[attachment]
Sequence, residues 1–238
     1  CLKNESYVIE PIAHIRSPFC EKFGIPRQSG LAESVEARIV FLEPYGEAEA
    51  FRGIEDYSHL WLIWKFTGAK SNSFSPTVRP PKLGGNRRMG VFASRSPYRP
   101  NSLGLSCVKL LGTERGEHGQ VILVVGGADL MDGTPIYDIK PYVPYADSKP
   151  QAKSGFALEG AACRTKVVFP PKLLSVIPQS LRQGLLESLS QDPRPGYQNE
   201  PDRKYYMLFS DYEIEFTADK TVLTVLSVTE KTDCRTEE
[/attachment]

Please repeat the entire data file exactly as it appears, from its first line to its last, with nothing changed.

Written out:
Sequence, residues 1–238
     1  CLKNESYVIE PIAHIRSPFC EKFGIPRQSG LAESVEARIV FLEPYGEAEA
    51  FRGIEDYSHL WLIWKFTGAK SNSFSPTVRP PKLGGNRRMG VFASRSPYRP
   101  NSLGLSCVKL LGTERGEHGQ VILVVGGADL MDGTPIYDIK PYVPYADSKP
   151  QAKSGFALEG AACRTKVVFP PKLLSVIPQS LRQGLLESLS QDPRPGYQNE
   201  PDRKYYMLFS DYEIEFTADK TVLTVLSVTE KTDCRTEE